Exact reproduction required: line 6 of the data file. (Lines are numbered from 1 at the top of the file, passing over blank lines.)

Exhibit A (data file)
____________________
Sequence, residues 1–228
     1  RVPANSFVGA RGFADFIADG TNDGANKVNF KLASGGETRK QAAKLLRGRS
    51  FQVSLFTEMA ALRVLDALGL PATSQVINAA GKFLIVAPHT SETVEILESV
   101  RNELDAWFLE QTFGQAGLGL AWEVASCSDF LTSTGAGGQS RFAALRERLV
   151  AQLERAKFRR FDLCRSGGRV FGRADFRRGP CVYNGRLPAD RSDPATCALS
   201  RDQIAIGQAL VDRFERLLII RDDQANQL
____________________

   201  RDQIAIGQAL VDRFERLLII RDDQANQL